These days, a good number of analysts will tell you to forget about expecting much pop from the large stocks at the top of the market. The megalithic GMs and GEs out there are in for something of a slowdown in profits, they’ll say, not good news when you consider that earnings are the engine that runs a stock upward. They’ll also note how large cap stocks (companies whose number of shares multiplied by current stock price is in the tens of billions) are bloated after a fantastic run last year and early in 1998. So, it’s only logical to expect the stocks of bulging companies atop the S&P 500 to take a breather after three monstrous years and a 12% gain by early June.
Bond Procope Capital Management portfolio manager Richard Garriques says there’s gold in the market, however, if you dig deeper. Garriques, who chooses growth stocks for the New York money management firm, has heard the predictions. But at the same time, he has also found that midcap stocks, the shares of companies a little smaller than the Mercks, Fords and IBMs out there, should offer more for the money going forward.
Start with earnings growth. By analysts’ estimates the S&P 500 index of large cap stocks is slated to boost earnings 20.1% this year. Look at the S&P 400, the index that tracks midcaps, and you see a veritable boom of 26% growth this year. “You can’t expect a GE to grow over 20% year after year because it’s so incredibly large,” says Garriques. “But smaller companies have a smaller base, so with the economy in good shape and inflation low, it’s not unreasonable to see them outperform the big boys.” Midcaps are more of a bargain, too. And despite the higher growth, midcaps aren’t much more expensive than large caps. As of press time, the average price-to-earnings (P/E) multiple projected for the S&P 500 for 1998 was 22.86; meanwhile the S&P midcap 400 was only a bit more at 23.44.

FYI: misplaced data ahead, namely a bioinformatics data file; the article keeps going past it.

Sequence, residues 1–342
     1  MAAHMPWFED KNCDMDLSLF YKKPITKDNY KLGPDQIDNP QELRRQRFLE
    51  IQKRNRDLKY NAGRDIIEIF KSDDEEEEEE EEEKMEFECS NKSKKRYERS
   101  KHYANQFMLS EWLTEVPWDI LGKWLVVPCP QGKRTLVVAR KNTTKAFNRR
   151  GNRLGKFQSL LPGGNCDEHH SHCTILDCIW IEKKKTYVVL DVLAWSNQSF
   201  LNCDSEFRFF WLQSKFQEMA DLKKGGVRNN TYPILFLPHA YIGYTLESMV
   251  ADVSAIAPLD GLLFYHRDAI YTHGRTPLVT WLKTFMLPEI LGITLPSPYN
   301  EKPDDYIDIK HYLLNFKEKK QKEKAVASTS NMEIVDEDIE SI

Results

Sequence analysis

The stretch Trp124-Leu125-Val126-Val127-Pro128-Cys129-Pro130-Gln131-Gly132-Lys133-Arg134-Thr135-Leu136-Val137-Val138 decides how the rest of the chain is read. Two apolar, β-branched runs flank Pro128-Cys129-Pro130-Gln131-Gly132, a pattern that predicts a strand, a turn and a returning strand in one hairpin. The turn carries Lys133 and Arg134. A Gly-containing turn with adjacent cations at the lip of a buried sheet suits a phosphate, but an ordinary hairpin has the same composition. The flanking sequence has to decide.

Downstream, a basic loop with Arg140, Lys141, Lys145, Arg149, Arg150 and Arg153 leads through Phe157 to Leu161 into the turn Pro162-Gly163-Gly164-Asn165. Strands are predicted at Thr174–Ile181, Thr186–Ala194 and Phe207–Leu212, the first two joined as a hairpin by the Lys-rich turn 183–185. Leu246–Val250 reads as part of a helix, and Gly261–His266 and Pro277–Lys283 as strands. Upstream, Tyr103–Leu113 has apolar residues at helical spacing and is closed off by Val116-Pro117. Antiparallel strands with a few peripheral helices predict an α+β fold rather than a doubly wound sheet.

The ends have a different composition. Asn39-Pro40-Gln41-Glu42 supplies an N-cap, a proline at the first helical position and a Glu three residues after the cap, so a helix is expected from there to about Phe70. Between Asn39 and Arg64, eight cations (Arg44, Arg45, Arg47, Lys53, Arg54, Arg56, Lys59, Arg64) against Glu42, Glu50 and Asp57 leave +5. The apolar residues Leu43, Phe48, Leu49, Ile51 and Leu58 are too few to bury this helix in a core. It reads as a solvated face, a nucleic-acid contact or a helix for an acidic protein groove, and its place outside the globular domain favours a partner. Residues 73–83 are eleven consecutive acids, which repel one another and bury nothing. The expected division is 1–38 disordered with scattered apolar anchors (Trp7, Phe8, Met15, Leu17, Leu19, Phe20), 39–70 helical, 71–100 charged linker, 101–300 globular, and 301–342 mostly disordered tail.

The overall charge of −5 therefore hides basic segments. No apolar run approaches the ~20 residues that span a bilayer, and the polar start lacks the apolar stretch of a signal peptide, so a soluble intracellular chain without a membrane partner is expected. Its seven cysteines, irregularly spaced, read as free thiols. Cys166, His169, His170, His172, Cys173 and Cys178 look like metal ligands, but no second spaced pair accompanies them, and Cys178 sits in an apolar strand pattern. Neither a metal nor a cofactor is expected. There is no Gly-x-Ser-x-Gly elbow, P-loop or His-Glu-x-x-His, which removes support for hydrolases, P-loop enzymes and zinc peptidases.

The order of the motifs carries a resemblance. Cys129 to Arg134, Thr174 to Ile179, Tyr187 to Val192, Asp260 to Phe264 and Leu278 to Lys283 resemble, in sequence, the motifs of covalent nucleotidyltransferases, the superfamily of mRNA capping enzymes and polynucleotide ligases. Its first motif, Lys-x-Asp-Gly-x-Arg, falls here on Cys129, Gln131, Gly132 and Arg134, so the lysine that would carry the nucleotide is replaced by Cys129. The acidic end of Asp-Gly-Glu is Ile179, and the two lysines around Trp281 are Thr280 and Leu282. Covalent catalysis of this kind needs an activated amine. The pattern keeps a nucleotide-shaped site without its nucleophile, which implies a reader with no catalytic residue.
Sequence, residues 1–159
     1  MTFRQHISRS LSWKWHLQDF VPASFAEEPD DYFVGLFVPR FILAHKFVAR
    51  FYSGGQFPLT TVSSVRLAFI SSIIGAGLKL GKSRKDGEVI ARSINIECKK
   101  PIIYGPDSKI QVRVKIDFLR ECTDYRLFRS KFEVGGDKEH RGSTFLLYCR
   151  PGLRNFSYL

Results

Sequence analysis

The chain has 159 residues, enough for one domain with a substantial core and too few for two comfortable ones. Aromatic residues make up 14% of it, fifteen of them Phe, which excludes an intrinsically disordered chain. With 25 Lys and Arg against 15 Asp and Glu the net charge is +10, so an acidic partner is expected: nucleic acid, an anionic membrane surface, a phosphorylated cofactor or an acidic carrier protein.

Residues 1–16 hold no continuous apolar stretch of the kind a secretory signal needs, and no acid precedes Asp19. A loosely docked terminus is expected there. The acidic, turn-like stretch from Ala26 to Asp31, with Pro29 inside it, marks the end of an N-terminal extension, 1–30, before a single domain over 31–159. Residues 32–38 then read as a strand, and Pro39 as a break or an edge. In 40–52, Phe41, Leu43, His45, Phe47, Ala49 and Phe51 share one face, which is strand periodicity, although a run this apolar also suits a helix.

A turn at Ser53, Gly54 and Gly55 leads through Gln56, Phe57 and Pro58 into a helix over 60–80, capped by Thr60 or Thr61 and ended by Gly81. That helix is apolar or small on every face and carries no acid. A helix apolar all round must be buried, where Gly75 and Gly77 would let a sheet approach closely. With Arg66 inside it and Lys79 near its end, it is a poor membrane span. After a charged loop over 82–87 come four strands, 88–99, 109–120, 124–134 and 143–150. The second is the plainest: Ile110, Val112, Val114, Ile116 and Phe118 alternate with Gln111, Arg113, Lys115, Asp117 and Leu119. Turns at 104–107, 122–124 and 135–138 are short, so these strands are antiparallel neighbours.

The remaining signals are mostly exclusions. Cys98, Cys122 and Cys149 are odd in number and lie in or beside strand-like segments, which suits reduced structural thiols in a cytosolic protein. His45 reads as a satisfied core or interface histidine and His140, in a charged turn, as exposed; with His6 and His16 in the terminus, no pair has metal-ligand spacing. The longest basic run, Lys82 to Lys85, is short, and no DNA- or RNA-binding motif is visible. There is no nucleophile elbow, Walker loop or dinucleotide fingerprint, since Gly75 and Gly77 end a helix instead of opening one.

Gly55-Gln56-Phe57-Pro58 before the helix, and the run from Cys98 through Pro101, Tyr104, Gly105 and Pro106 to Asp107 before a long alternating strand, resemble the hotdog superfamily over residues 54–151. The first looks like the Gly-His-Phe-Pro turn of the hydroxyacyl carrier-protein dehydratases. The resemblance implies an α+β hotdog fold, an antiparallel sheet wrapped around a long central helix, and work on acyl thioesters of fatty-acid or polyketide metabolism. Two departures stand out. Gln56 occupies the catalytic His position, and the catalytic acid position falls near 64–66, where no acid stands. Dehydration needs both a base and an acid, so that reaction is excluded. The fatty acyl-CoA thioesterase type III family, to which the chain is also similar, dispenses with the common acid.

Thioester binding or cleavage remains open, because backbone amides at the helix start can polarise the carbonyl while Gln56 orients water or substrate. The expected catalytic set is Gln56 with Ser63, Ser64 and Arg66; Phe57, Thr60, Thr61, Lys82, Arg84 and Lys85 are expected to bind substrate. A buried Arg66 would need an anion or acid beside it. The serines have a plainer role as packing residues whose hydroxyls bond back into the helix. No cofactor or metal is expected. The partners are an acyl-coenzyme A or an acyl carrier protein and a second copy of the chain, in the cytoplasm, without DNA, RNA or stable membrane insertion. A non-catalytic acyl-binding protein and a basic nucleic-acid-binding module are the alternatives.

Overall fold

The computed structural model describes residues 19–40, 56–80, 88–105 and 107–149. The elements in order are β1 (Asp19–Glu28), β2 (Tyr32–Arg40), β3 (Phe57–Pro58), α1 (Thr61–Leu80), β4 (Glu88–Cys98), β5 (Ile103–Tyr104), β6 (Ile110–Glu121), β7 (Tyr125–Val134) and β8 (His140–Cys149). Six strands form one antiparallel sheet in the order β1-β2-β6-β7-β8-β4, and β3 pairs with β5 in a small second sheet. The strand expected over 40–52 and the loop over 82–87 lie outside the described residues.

It’s that twofer — higher earnings growth at a comparable price — that has blessed the midcap portfolio that Garriques and his boss, Alan Bond, run for the firm’s institutional clients. In 1997, only its second year, this portfolio under Bond Procope’s management rose 43.16%, compared to 33% for the S&P 500 and 32.24% for the S&P 400. Year to date, as of June 1, it was up 2.6%, compared to 12.4% for the S&P 500 and 7.4% for the S&P midcap 400. And Garriques can also boast of a fine showing in a BLACK ENTERPRISE Investment Roundtable held in October 1996. Those picks, which included names like WorldCom, Westinghouse, Tellabs, Safeway and Merck, blazed to a 41.83% gain in 1997.
Garriques limits his sights to companies with between $500 million and $12 billion in market cap. From there, he’s looking for earnings growth of 15% or more per year. And then, by scanning for stocks with a return on equity (ROE) of 15% or greater, and a debt-to-capital ratio